We begin with the settled legal principles that govern our review of search warrants. To be sufficient, an affidavit in support of a warrant must permit a conclusion by a neutral and detached magistrate that the items specified in the warrant will probably be found in a specified place to be searched. ORS 133.555(2); State v. Poppe, 131 Or App 14, 20, 883 P2d 905, rev den 320 Or 492 (1994). The standard is one of probability, which requires more than a mere possibility, State v. Carter/Grant, 316 Or 6, 13, 848 P2d 599 (1993), but less than a certainty, State v. Poulson, 150 Or App 164, 170, 945 P2d 1084 (1997). In testing an affidavit, a court is to construe it "in a commonsense, nontechnical and realistic fashion looking at the facts recited and the reasonable inferences that can be drawn from those [facts]." State v. Charlesworth/Parks, 151 Or App 100, 116, 951 P2d 153 (1997), rev den 327 Or 82 (1998) (quoting State v. Evans, 110 Or App 46, 51, 822 P2d 1198 (1991). Because of the preference for warranted searches over those conducted without prior judicial authorization, doubtful cases are to be resolved by deferring to an issuing magistrate's determination of probable cause. State v. Pelster/Boyer, 172 Or App 596, 600, 21 P3d 106, rev den 332 Or 632 (2001).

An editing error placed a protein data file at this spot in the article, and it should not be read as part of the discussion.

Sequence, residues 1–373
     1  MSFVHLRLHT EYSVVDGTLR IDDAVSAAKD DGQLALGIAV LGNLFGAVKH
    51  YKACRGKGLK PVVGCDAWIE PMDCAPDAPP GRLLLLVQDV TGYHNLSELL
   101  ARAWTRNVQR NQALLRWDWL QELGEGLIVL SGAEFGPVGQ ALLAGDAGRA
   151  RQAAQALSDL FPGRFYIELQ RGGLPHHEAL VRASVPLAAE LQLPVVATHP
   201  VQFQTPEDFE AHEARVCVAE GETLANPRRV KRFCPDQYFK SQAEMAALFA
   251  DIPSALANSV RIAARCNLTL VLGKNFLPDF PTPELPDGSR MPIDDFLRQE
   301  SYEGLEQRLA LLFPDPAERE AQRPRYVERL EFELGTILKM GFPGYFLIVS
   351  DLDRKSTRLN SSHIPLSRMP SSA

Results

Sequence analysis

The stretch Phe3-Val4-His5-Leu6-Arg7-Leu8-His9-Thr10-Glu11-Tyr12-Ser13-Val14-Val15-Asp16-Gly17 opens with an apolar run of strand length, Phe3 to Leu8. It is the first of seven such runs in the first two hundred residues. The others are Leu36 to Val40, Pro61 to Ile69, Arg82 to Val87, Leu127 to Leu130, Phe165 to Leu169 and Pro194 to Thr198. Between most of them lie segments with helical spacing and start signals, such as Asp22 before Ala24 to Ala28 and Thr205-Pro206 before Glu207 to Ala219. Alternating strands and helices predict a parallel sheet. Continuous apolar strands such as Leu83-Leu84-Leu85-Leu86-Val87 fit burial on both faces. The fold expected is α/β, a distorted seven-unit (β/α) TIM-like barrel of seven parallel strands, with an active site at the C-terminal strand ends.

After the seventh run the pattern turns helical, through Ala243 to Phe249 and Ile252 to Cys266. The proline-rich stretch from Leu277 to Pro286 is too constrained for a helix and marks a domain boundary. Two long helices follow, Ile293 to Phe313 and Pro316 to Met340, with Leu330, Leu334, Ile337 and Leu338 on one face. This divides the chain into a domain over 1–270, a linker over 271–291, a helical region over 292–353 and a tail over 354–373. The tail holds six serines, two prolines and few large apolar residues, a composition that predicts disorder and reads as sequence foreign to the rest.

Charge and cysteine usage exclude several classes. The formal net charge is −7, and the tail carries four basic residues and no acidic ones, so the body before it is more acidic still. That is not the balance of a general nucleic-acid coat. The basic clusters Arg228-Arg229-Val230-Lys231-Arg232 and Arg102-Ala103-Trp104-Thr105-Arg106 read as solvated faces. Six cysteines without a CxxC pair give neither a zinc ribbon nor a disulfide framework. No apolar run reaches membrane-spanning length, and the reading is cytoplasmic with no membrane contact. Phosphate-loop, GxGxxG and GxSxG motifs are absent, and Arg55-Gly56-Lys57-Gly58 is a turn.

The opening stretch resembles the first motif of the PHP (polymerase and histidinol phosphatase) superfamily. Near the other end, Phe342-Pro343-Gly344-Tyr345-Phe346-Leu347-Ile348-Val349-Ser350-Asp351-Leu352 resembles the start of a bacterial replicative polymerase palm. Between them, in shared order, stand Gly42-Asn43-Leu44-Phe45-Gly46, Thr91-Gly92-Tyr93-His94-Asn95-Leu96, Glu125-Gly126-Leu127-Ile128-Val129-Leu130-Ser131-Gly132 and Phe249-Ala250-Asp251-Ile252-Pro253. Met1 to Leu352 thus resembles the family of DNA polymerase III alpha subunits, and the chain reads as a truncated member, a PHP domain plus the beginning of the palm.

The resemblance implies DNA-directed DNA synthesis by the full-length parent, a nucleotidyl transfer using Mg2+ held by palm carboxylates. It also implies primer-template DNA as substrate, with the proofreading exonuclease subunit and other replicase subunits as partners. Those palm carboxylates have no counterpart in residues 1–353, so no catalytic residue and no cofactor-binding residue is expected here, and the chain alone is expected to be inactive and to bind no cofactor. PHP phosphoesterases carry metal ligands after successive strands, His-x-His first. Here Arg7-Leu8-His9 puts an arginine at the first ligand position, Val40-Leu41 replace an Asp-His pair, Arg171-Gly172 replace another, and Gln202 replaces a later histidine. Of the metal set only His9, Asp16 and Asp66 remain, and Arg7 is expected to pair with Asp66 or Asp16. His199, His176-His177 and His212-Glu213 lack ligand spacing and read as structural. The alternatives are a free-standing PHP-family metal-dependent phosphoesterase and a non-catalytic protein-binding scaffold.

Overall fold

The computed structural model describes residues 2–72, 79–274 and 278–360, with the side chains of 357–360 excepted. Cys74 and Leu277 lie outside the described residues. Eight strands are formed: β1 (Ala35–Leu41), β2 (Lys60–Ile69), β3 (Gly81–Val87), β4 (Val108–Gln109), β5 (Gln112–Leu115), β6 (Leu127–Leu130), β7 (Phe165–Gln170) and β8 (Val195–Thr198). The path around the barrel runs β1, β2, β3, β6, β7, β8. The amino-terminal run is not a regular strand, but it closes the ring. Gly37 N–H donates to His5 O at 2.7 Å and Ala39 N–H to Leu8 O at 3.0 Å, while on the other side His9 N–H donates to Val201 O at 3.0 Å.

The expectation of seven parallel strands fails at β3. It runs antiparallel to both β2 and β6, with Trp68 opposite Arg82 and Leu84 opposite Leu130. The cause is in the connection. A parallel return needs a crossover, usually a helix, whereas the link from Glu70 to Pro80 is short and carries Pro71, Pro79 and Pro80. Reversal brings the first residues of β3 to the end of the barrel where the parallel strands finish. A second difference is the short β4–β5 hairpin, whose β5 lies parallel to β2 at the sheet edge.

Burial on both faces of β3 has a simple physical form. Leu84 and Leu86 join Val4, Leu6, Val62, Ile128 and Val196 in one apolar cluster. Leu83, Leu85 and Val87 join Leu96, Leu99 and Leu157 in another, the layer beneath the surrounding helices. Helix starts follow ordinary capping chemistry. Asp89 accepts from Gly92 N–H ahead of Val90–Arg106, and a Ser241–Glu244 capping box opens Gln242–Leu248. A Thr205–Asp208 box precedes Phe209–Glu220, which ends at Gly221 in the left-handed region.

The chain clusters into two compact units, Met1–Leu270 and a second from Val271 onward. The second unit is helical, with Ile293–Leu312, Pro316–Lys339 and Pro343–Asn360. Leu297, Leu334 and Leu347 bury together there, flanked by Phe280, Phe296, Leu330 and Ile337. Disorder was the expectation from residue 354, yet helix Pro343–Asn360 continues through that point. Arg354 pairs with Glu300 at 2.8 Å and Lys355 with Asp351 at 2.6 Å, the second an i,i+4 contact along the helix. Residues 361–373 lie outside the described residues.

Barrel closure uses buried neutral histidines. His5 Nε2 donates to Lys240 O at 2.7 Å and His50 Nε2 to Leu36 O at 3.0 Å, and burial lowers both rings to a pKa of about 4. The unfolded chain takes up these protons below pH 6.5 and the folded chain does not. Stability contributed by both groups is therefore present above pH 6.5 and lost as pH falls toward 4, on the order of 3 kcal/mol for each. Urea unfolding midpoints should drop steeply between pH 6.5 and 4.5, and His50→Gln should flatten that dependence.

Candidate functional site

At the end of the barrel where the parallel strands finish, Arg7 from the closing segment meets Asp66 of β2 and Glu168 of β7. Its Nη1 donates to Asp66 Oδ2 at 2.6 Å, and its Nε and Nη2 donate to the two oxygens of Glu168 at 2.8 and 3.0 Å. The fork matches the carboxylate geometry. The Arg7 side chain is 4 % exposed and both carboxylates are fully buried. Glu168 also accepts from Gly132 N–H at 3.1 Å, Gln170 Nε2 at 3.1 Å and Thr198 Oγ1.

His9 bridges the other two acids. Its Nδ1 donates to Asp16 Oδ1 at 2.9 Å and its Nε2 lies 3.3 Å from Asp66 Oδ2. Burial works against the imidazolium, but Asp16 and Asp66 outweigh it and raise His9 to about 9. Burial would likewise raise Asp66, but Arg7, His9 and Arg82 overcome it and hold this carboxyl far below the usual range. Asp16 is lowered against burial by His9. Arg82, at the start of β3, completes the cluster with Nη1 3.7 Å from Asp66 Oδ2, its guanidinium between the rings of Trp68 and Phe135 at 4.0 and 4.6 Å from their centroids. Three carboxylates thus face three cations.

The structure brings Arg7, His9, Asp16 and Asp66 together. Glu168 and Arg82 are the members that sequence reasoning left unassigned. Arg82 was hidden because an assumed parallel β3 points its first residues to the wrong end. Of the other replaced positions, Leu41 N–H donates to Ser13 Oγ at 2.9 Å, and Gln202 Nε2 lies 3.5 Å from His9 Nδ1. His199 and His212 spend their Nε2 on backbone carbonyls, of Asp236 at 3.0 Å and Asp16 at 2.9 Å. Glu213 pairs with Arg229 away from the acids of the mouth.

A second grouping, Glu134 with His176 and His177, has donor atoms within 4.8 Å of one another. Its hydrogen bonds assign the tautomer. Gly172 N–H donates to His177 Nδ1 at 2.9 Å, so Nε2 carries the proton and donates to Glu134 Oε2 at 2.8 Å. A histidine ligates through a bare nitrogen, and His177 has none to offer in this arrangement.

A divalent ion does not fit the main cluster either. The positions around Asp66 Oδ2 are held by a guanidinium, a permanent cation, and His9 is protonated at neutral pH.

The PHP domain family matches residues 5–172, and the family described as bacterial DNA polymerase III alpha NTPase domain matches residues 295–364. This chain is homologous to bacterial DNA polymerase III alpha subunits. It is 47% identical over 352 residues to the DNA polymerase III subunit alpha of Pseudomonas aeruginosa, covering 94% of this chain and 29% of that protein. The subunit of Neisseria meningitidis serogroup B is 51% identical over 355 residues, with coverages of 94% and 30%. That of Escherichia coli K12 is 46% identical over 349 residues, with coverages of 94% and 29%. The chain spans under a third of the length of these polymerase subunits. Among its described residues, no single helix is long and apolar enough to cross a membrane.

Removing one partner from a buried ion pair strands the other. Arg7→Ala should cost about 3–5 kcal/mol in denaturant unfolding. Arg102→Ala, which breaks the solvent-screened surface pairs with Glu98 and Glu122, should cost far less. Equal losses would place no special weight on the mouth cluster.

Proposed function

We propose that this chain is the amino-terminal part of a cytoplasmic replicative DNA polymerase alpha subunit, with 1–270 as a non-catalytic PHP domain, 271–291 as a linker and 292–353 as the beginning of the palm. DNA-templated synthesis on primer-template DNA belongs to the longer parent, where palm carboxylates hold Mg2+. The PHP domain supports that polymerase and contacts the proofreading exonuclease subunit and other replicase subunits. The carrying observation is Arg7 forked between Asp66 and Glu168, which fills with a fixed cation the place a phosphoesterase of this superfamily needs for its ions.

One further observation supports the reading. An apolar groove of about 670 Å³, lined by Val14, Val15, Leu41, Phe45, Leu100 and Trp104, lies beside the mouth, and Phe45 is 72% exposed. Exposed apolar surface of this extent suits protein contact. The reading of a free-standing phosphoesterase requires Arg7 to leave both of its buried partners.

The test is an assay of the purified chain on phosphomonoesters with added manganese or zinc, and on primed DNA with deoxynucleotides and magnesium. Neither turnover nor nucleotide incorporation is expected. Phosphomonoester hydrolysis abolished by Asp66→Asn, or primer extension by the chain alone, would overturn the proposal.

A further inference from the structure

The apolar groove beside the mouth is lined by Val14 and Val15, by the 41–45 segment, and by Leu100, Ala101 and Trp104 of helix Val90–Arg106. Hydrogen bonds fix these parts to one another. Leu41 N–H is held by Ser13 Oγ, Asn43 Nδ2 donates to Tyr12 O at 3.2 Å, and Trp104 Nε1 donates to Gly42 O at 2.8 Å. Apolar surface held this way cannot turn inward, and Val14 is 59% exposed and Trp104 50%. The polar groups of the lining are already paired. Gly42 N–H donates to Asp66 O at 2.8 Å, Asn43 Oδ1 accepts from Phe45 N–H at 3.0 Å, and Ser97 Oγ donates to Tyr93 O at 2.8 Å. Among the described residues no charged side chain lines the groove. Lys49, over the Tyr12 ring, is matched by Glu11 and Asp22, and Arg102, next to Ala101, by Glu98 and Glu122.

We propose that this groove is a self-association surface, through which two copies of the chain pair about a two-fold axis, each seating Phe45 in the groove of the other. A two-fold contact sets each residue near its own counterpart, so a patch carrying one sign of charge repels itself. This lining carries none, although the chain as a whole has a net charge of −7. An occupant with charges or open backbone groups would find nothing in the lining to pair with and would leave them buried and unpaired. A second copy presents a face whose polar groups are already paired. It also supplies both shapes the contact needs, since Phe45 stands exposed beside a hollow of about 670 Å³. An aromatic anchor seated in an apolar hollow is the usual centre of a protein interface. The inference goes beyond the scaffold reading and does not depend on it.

An additional set of principles applies when, as here, a defendant successfully controverts some of the factual assertions in the affidavit. See ORS 133.693(2) (a defendant may "contest the good faith, accuracy and truthfulness of the affiant as to the evidence presented before the [magistrate] issuing" the search warrant). Whether an affidavit contains inaccuracies or omits material information is a factual inquiry, and we defer to a trial court's findings in that regard as long as there is any evidence to support them. State v. Keeney, 323 Or 309, 317, 918 P2d 419 (1996). When an affidavit is found to contain an inaccuracy, the reviewing court must disregard the flawed information and test the adequacy of the remaining information in the affidavit. See State v. Harp, 299 Or 1, 9-10, 697 P2d 548 (1985). Similarly, when an affidavit is found to omit material information, the court is to determine whether the omitted facts weaken the force of the facts recited or the inferences that otherwise would be reasonable to draw. Id.; see also State v. Sloan, 66 Or App 269, 273, 673 P2d 567 (1983), rev den 296 Or 536 (1984) (when additional facts would affect the weight of facts that are otherwise sufficient to show probable cause, reviewing court tests affidavit to determine whether it would provide probable cause if omitted facts had been known and correct inferences drawn). Both approaches involve a process of subtraction, not addition. Pelster/Boyer, 172 Or App at 599. In effect, a reviewing court: (1) deletes affirmatively wrong information; and (2) deletes inferences that are reasonable on the face of the affidavit but that would not have been reasonable if the omitted information had been disclosed. After doing so, the trial court tests the remaining information in the affidavit for probable cause.